Thursday, June 3, 2010


We have lived without a dishwasher for almost 7 years and I thought we could get by a little longer but I was wrong.  Our dishes that have figured out how to reproduce by themselves and it's time for some birth control!

Today is the day that our new dishwasher will be delivered!  It won't be hooked up but it will be in the house, which is a step in the right direction.  I had hoped that the new kitchen island would have been ready but that didn't go as planned.  Turns out it was better that the island wasn't set because we decided to switch positions of the sink and dishwasher.  It would have been terrible to cut holes in the wrong locations in the cabinets!

We also need to properly vent the island sink.  Of course the original island sink was not vented and only worked because it was a double sink with one of the sinks serving as a vent.  I searched online and found a few ways to vent the sink.
  • Provide a loop vent according to the Uniform Plumbing Code
  • Provide a loop vent according to the International Plumbing Code
The Air Admittance Valve would be the easiest to install and take up the least amount of space under the sink but I wasn't able to determine if it could handle the discharge from the dishwasher.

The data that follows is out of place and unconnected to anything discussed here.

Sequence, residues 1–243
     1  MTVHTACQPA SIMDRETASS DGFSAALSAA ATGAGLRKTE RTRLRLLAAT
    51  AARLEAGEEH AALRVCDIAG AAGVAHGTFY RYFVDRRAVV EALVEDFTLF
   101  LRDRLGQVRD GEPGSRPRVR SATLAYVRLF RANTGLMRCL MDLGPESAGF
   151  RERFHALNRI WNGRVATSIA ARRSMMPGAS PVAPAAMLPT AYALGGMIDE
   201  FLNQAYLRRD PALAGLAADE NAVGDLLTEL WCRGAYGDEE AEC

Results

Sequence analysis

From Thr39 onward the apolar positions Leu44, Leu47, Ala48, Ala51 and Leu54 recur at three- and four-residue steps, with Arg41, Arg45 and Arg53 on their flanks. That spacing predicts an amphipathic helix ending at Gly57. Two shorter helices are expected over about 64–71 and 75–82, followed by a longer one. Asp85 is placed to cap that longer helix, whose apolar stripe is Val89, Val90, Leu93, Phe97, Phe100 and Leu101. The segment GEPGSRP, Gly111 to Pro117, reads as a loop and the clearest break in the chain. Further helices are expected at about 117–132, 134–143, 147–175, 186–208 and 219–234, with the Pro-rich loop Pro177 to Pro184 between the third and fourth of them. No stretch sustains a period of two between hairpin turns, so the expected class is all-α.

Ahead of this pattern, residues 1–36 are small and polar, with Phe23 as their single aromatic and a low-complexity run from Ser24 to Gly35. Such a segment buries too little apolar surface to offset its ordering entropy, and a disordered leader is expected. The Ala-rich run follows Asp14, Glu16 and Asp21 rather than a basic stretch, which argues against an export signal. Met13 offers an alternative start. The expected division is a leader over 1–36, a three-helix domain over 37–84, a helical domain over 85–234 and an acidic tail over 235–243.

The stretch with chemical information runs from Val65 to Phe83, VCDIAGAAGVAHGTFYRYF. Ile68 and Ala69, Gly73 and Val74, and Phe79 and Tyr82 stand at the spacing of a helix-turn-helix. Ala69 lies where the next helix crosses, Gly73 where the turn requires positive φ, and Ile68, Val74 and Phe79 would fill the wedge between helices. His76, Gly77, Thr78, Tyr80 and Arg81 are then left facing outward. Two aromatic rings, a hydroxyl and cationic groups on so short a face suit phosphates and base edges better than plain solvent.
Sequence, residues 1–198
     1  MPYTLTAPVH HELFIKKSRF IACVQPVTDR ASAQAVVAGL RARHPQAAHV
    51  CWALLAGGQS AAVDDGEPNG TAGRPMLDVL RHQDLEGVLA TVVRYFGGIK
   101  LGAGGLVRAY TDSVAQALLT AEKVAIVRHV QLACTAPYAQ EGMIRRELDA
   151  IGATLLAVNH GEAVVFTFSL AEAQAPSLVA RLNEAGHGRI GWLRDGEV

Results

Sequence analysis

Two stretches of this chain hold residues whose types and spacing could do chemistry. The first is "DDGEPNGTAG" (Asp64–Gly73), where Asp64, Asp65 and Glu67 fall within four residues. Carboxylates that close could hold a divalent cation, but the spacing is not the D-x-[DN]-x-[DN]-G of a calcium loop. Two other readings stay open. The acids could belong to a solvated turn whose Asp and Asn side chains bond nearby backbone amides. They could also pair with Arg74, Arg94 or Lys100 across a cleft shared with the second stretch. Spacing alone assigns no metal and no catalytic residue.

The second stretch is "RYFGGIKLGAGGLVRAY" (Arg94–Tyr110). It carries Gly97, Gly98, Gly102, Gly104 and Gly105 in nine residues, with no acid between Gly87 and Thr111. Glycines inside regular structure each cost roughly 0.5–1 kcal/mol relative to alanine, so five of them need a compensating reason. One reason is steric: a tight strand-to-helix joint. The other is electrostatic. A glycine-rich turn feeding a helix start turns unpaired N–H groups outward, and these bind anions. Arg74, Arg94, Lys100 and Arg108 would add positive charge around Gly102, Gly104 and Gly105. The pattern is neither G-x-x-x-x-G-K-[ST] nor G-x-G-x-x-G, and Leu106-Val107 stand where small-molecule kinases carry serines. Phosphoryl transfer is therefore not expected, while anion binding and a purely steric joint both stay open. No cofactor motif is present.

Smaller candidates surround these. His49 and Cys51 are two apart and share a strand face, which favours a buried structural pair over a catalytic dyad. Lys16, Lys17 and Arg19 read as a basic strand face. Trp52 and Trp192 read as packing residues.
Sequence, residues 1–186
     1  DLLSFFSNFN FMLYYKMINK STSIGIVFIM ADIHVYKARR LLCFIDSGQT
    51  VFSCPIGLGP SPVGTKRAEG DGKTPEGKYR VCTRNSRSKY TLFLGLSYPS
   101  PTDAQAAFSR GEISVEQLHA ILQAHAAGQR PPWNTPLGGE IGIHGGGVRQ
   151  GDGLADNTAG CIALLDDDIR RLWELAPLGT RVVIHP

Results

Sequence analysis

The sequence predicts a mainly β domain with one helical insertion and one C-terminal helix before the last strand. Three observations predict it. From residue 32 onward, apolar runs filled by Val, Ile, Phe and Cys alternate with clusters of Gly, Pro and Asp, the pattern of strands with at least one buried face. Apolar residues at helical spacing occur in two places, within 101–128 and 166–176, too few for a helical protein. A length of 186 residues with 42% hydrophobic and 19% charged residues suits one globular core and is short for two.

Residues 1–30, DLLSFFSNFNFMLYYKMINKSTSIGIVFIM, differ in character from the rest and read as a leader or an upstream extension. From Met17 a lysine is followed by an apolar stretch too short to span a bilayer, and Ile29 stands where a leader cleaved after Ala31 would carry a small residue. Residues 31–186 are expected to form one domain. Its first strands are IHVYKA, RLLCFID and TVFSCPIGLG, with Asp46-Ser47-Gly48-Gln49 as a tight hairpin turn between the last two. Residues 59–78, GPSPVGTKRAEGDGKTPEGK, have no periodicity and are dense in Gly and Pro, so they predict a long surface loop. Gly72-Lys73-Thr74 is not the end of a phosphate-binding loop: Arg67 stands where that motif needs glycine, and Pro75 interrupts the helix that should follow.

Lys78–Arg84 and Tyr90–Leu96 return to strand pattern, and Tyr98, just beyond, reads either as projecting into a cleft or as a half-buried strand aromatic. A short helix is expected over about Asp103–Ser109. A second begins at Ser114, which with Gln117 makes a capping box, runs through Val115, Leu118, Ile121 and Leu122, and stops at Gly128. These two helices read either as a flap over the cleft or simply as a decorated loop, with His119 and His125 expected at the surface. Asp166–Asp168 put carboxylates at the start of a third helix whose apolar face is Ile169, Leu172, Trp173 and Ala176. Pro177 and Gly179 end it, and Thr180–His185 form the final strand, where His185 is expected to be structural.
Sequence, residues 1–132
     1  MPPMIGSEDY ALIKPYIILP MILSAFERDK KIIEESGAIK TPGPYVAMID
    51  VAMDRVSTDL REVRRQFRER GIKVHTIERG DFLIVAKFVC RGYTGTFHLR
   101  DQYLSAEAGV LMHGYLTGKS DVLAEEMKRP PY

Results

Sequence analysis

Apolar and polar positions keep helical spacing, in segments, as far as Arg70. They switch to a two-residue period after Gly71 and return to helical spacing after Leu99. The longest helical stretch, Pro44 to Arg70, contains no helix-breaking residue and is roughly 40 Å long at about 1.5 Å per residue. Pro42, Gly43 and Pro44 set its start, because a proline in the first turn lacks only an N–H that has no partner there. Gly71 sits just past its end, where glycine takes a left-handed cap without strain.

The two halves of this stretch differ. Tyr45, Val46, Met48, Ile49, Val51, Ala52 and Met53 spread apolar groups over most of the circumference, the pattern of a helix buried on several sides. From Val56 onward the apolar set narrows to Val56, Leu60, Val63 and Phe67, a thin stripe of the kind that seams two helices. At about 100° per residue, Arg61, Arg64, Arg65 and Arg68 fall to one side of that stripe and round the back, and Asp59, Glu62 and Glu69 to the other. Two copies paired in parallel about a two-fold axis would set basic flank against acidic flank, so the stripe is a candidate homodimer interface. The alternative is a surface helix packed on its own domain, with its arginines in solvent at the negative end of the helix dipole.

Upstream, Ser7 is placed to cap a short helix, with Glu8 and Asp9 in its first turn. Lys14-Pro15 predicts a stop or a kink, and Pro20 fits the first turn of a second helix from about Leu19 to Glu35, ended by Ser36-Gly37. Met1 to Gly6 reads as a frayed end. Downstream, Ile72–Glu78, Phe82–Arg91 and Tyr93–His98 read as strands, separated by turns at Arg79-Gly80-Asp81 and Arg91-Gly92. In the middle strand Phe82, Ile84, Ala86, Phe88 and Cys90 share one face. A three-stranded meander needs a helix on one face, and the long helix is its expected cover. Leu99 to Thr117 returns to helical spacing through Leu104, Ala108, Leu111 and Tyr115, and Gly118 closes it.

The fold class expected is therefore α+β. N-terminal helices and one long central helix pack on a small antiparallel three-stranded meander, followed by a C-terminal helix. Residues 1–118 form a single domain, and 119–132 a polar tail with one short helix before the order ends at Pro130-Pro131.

The loop vents are similar in both the Uniform and International Plumbing Codes.  The difference is that the uniform code has a separate branch out to a vent to the roof.

I'm opting for the International Code, not because it will be easier.  Well, actually I am doing it because it will be easier as running a separate vent 3 1/2 stories up and through the roof is not something I really want to do.  And tying into the existing stack would be equally difficult if not impossible. 

I'm fairly confident that the International Code will work fine but if not I could always add the branch in later.  I will post the results when done.


plumbob said...

your diagram on the uniform plumbing code is not correct. You show the Tee for the vent thru the roof upside down. If you can't draw the diagram, I doubt you have the knowledge or skill to actually do the installation. You should call a licensed professional.

Forest said...

Wow, thanks for the comment (I think). Just for the record, I did not draw the diagram and put it up in an attempt to illustrate the different options. If I were to draw the diagram I would have shown a true tee fitting that would not have an up side or down side.

Also, just for the record, I am a licensed Professional Engineer and if I happen to read something in a blog (in my field) that I believe is not correct or dangerous I try to offer constructive comments. Your statement implies that you are familiar with the Uniform Plumbing Code. Though I wouldn't use the fitting shown in the diagram would you care to elaborate on why it is upside down?